that the several English powers were so constantly oc-
cupied in warfare with one another that warfare with the
Welsh was carried on only now and then in intervals of
special leisure. A great part of the interval, the first ten
years at all events, between 683 and 7 10 is filled up with
the Kentish warfare of Ceadwalla and Ine, and the victory
of 710 comes immediately after the abdication of the
Mercian King Cenred in 709, as if that were a safe
moment for warfare at the other end of the kingdom.
However this may be, these two entries contain the whole
of our authentic knowledge as to the Welsh warfare of
this time. The entry of 683 tells us only that Centwine
drove the Britons to the sea.* That of 710 tells us that

* Clironicles, 682, 683. "On thissum geare Centwine geflienide
Bretwalas [al Bryttas] otli sse." Hemyof Huntingdon (M. H. B. 718 D.)
gives no fresh detail. " Centwine rex vii. anno regni sui congressus
est Brittamios, eosque male resistentes victoriosus et vehemens csede
et incendiis usque ad mare fugavit."

VOL. XVIII., 1872, PART II. r


Ine and Nunna fought with Gerent the Welsh King.*
Henry of Huntingdon is, as usual, somewhat fuller. He
describes the battle, as often happened, as at first favour-
able to the Welsh, who slew the Ealdorman Higbald ;
but in the end the English, he tells us, gained a com-
plete victory.f I hope that this entry does not throw much
suspicion on Henry of Huntingdon's accounts generally.
I have always looked on the fuller details which we find in
his history as coming from old ballads and traditions
which he Latinized, just as he Latinized the song of
Brunanburh. But this account of Higbald certainly
reads as if it came, not from a ballad, but from a misunder-
standing of the words of the Chronicles. Two of these
record under this year the violent death of one Higbald
or Sigbald, but they do not say who he was, how he was
killed, or who killed him4 His death need not have
been a West-Saxon event at all, and the words of the
entry would certainly not lead us to think that he died in
the battle against Gerent.

Here then are our only two direct accounts as to the
warfare with the Welsh between the victory of Cenwealh
at the Pens in 658 and the destruction of Taunton by
iEthelburh in 722. Their result evidently was such an
extension of the West-Saxon territory that, whereas in 658
it stopped at the Parret, in 722 it took in Taunton. But

* Chronicles, 710. *' Ine and Nun [al. Nunna] his mseg gefuhton with
Gerente Wala cyninge," or, as it stands in Canterbury and Abingdon,
" with Gerente tham cinge."

+ Hen. Hunt. M. H. B. 724 B. " Cujus pugnse principio occisus est
dux Higebald ; ad ultimum vero Gerente cum suis faciem ab Anglis
avertit, et fugiens arma et spolia sequentibus reliquit."

t Chronn. Wig. Petrib. 710. "And tham ilcan geare man ofsloh
Hygbald," or, as it stands in Worcester, " Sigbald."


there are expressions In the Chronicles which may perhaps
help us a little further. In recording the victory of Cent-
wine in 682 it is specially marked that the Welsh were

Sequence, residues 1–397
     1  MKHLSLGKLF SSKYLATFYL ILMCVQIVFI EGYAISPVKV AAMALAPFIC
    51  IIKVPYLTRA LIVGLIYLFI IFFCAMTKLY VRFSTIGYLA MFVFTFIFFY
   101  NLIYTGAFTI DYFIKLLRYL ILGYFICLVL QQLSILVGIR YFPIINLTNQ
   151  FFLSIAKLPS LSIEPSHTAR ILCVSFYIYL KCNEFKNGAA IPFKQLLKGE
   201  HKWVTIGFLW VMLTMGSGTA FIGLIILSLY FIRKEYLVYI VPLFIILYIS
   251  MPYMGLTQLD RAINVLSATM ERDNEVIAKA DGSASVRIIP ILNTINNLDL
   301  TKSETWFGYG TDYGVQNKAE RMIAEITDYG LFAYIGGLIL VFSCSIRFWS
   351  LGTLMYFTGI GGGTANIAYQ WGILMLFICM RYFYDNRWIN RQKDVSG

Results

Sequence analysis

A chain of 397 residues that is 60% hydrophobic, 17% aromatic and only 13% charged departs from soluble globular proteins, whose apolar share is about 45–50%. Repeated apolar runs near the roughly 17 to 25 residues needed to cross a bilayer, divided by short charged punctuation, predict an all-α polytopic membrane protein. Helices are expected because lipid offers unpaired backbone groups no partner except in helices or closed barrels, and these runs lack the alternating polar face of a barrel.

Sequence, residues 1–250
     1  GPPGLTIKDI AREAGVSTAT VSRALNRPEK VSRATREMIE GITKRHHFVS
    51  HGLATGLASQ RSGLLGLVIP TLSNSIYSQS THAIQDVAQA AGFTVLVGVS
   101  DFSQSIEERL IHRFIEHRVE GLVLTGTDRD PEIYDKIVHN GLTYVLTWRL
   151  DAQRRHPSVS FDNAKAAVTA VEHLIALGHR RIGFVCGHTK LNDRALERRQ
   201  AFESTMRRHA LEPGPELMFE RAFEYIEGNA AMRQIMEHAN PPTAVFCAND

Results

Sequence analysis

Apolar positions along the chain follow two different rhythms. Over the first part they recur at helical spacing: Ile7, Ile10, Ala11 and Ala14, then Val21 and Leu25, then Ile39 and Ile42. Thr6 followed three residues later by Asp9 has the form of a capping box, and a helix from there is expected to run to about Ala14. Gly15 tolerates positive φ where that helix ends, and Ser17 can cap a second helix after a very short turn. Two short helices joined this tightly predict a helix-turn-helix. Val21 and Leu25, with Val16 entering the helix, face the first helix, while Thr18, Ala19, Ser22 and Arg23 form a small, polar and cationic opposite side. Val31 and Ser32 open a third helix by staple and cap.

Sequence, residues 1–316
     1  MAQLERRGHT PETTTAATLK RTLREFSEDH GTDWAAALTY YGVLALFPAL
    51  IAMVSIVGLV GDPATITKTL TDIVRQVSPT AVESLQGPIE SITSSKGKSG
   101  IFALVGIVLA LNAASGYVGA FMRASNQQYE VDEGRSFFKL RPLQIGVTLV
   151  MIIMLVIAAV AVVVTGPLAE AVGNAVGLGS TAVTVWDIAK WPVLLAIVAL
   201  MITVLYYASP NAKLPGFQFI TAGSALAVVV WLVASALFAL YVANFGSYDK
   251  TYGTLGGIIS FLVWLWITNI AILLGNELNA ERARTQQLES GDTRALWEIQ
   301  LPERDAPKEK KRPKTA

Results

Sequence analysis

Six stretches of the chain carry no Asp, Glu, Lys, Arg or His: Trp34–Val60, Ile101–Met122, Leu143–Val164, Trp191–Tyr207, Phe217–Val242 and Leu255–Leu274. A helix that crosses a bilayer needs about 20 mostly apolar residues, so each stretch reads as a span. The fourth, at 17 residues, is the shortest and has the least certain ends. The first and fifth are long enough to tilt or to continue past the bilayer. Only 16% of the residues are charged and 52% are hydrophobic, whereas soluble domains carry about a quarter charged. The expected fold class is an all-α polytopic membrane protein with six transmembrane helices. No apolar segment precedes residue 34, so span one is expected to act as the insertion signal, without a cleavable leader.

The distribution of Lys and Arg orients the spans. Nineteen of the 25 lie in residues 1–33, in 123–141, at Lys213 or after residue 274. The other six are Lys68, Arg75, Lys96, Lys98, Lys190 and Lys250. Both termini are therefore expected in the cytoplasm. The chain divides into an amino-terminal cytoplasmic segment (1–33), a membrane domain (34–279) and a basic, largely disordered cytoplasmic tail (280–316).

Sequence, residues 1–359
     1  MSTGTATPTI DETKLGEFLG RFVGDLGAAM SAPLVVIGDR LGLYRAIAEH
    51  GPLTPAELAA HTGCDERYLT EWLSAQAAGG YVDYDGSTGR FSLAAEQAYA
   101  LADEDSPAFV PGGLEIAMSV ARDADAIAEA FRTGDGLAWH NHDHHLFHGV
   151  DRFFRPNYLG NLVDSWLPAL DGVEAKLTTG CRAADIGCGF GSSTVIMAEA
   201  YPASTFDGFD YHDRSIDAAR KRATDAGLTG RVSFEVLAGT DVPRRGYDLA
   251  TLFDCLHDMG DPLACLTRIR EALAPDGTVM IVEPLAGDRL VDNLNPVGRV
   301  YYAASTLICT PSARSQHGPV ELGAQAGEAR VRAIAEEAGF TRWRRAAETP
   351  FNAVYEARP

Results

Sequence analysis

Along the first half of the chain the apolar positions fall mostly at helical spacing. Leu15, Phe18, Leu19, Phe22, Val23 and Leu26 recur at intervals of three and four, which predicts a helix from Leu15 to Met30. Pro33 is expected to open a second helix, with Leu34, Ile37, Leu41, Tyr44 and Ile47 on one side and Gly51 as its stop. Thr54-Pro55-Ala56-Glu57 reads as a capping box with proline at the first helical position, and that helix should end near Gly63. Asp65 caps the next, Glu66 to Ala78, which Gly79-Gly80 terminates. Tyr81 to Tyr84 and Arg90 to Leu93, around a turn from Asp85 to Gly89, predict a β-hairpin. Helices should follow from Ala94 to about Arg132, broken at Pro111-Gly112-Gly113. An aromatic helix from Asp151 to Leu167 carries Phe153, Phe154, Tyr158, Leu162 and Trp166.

driven to the sea, just as it was marked in 658 that they
were driven to the Parret. I should infer from this that
Centwine^s victory gained for the West-Saxons the sea-
coast west of the mouth of the Parret, the coast of
Watchet, which afterwards figures in the Danish in-
vasions. In short, Centwine's victory made the English
masters of Quantock, as Ceawlin^s victory, a hundred
years before, had made them masters of Mendip. How
far west towards Dunster, Minehead, Porlock, and Linton
the frontier may have reached I do not profess to say.
We might expect that the hills of Exmoor would be one
of the districts in which the Britons would hold longest;
but the English may very well have made settlements on
the coast long before the mountain tribes were wholly
subdued or driven out. In this campaign then I conceive
that the West-Saxons won the sites of Bridgewater and
Watchet ; and we may, I think, venture to picture Cent-
wine as forcing the gate, the Lydiard, so well known to this
Society by other associations, and driving the Welsh up
the valley where in after days Crowcombe was given for
the repose of the soul of Godwine. In this victory of
Centwine we may, I think, set down Ine as taking a part.
In the Welsh legend this defeat is turned into a victory,
a victory of Ivor, which suggests the presence of Ine.
And another legend has led us to fix the government of
his father the Under-King Cenred in the land of the
Sumorsaetas, that is, before 682, the land between Avon
and Parret only. Nothing is more likely than that the
victory should be won by the head King of all Wessex,
supported by the son of the Under-King of the district


bordering on the seat of war. It is not unlikely that the
valour of Ine shown at the foot of Quantock may have
had much to do with placing him on the throne of Cerdic
at Winchester.

The result of the victory of Ine himself as head King,
the victory of Ine and Nunna over Gerent in 710, is less
clearly marked, but a process of exhaustion would lead
us to think that the land which was won by it was the
south-western part of Somerset, Crewkerne, Ilminster,
and that district. The Tone may not unlikely have been
the frontier from 682 to 710. How far either conquest
reached westward, whether either of them took in any part
of Devonshire, we can only guess. In default of direct evi-
dence either way, we may assume that the boundary of the
shires, which must mark something, answers pretty well
to the extent of the conquests of Centwine and Ine. We
thus find the conquest of Somerset spread over a space of
one hundred and thirty-three years, from the overthrow^ of
the three Kings by Ceawlin at Deorham to the overthrow of
Gerent by Ine and Nunna — I wish I could more distinctly
say where. And mark further that the conquest was made
at three different times, and that the land won at each of
these times of conquest answers pretty well to one of our
latest political divisions. The first conquest of Ceawlin
south of the Avon answers nearly to that division of the